Peter Moores and Mark Robinson 'double act' in frame to lead England
The Lancashire and Sussex coaches are front runners to succeed Andy Flower
Wednesday 16 April 2014
The England and Wales Cricket Board is considering appointing a double act of Lancashire coach Peter Moores and Sussex coach Mark Robinson to lead the country into the post-Andy Flower era.
The former Sussex captain and coach Chris Adams, who has worked closely with the pair in the past, said that they are front runners for the post, which has been vacant since the end of January and for which the interviews began today.
"I have heard that there is a notion of putting Moores and Robinson together," Adams said. "They know each other, they're hugely respected and there's a good connect there already. Along with [Nottinghamshire coach] Mick Newell, they're the best three coaches in the country and that combination has legs.
"You could see a combined approach to coaching and a choke back on the many, many specialists in and around the team," Adams added. "You would get two very solid, strong all-round coaching candidates working together.
"You need to put the emphasis and the decision-making onto the players and if you have an army of people in and around the team it's just an easy out for the player not to take responsibility. With Mark and Peter working together, you've got coaches who can cover all bases – and know how to get the best out of an individual."
Moores, who led Lancashire to their first outright County Championship title in 77 years in 2011 and was England coach for a brief spell up until January 2009, and Robinson have a long association dating back to their time at Sussex.
Robinson has coached at Hove since 2005 and was handed the opportunity to lead the England Lions on the tour of Sri Lanka this winter, where his methods proved popular with the players.
The one-day coach, Ashley Giles, had been seen as the natural successor to Flower when the Zimbabwean left his post after the Ashes but he has endured a tough winter as England's one-day coach, culminating in a premature exit from the Twenty20 World Cup last month.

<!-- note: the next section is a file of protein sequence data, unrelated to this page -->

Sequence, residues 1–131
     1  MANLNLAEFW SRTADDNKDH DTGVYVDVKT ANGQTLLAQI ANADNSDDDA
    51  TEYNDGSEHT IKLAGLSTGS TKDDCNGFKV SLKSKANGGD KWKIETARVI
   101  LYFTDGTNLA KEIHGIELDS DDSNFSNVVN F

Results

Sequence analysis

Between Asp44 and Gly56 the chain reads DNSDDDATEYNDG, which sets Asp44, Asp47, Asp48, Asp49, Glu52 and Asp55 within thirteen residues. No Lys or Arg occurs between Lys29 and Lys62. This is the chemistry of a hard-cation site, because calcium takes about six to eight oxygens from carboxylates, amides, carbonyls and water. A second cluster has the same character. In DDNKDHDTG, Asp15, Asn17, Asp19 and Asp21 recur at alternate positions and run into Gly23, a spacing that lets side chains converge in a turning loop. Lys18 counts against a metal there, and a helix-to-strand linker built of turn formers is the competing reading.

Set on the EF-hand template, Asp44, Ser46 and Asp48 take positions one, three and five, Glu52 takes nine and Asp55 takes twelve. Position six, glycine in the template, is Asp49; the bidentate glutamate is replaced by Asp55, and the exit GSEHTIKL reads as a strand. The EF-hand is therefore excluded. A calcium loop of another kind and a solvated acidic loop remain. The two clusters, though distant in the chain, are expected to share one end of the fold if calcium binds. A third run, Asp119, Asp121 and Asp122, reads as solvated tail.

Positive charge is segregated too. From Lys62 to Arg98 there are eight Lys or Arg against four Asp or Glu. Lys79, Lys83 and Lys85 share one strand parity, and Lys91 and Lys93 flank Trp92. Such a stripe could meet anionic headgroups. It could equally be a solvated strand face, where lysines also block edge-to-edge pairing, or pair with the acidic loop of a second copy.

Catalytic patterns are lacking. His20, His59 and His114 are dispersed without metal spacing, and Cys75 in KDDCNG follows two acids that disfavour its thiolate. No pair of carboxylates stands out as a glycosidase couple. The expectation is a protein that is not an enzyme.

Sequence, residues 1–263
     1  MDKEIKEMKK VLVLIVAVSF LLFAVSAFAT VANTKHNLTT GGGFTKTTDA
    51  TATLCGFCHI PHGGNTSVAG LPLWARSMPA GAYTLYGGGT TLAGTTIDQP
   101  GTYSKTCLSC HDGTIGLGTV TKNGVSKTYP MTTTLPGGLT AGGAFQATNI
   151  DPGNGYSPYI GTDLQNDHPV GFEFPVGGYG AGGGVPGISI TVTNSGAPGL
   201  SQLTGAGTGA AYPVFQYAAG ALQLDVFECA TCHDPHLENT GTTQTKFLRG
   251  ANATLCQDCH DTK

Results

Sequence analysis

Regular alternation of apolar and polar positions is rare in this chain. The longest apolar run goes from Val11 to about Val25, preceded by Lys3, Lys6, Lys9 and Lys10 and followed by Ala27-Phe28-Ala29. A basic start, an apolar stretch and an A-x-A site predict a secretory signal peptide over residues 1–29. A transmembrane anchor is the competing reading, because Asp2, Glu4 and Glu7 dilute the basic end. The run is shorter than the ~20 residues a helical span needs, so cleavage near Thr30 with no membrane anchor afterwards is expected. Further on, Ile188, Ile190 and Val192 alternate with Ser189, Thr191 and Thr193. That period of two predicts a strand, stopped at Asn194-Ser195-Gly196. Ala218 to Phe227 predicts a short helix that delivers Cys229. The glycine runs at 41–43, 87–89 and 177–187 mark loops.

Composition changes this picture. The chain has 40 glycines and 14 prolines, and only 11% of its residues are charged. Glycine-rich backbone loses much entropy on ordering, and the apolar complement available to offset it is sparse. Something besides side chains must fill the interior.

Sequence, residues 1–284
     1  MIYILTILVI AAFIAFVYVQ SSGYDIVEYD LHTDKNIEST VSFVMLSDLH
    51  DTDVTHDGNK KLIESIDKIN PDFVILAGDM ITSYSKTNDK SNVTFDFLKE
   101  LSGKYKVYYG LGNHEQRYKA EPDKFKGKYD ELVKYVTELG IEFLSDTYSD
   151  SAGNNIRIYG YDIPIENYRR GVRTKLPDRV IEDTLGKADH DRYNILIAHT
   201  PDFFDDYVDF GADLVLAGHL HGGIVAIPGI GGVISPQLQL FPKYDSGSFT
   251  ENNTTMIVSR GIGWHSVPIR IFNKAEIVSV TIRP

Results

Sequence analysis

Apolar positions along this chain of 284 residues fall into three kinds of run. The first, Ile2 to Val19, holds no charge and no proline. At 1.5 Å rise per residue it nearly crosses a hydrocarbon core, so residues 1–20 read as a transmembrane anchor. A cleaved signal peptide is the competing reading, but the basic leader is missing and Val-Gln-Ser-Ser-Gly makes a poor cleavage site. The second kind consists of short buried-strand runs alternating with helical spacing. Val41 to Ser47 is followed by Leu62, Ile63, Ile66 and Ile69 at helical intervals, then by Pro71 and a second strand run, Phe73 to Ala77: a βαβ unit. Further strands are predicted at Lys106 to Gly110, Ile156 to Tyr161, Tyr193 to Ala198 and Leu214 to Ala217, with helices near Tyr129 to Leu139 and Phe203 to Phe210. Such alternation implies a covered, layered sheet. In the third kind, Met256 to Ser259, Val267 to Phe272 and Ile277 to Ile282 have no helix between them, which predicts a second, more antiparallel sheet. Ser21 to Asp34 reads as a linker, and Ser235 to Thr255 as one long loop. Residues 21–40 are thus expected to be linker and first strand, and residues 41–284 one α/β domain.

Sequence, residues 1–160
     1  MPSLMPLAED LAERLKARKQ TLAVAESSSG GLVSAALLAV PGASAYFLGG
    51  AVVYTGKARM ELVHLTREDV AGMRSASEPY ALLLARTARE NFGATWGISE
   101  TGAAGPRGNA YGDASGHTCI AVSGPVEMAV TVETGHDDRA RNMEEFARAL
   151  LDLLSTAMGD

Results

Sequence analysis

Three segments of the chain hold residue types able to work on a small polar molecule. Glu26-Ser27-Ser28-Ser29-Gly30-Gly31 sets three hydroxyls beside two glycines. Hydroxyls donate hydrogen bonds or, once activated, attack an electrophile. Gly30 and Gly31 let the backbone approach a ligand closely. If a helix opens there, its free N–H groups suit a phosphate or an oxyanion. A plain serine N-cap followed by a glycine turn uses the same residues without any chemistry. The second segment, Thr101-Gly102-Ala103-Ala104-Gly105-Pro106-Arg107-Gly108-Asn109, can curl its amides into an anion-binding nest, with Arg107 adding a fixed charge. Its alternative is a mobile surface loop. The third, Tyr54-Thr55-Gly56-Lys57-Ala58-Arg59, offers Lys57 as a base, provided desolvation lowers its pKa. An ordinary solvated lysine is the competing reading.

"Ashley has been very unlucky with the circumstances he has inherited but equally he made some fairly obvious and critical errors," Adams said. "At the end of December and the start of January when the team was falling apart, one of the most obvious factors was that there were too many people outside of the playing group.
"When you're selecting teams, the more people you have around the more you're swayed away from your own instinct and your own feeling about what the best XI is. If Ashley was to reflect on his time I would think he would have done more things his own way."
Paul Downton, the managing director of England cricket, will assess the main contenders, who also include Newell and the Australian Trevor Bayliss, the former Sri Lanka coach.
Trevor Bayliss Australian who has coached Sri Lanka, 51
Ashley Giles Warwickshire coach, then England's one-day and T20 coach, 41
Peter Moores Lancashire, Sussex and former England coach from 2007-09, 51
Mick Newell Nottinghamshire coach, 49
Mark Robinson Sussex and England Lions coach, 47
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